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Social Life

The Saint Vincent Pool Hall

Life in St. Vincent is centered around agriculture in much the same way as it was at the turn of the century. Although better equipment, bigger farms and modern techniques give the small community many advantages over their ancestors, the attachment to farming as a way of life is still very much apparent in the community.

Intense manual labour, social isolation, the slow arrival of modern conveniences—farm life was far from easy. Therefore, in the early days of settlement, the residents of St. Vincent relied upon cooperation with their neighbours to make life on the prairies easier:

Ladies taking weaving lessons in Saint Vicent in 1944.

“There were bees for building, threshing, rug-making, cutting firewood, and bees for just about any reason people needed work done. Besides helping a neighbor through a task, bees also served as a social event, making the task more enjoyable.” —Excerpt reprinted from “Souvenirs: Saint Vincent 1906-1981” with permission from Saint Vincent Historical Society.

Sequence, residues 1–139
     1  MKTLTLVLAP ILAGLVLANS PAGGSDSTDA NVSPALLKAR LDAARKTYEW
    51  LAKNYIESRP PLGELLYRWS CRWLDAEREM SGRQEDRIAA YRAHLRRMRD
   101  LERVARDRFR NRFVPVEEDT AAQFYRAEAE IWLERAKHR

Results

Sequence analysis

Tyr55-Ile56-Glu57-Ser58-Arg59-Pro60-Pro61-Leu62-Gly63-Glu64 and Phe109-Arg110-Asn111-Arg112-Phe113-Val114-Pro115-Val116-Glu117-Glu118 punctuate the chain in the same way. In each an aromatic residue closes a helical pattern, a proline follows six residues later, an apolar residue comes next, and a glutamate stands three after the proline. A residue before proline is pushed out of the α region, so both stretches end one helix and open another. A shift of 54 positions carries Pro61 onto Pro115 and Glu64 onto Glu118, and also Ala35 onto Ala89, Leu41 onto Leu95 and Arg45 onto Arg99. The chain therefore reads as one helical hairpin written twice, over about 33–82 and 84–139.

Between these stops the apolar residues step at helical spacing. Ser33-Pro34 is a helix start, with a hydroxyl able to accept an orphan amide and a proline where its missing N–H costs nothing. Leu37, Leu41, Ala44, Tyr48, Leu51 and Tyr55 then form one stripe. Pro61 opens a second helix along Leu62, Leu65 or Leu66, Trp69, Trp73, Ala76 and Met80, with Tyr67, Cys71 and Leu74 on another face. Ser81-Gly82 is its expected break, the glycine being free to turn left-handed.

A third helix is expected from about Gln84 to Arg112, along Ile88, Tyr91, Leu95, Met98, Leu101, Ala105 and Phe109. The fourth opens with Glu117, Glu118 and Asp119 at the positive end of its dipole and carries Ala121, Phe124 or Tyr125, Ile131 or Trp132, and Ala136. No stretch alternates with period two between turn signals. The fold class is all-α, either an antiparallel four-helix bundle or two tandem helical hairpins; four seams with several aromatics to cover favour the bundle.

A firewood sawing bee.

In modern St. Vincent, clubs, religious organizations and social groups continue to bring residents together. Sports and recreational groups also provide an opportunity for residents to participate in leisure activities in a French-speaking environment, and parents have access to French-language education for their children. Baseball, wrestling and boxing were all popular diversions in St. Vincent and dancing was a favourite pastime; a dance hall was erected on the edge of Lake St. Vincent, one of the many in rural Alberta. Likewise, local businesses that provide a number of essential services maintain ties with one another through the St. Paul Chamber of Commerce.

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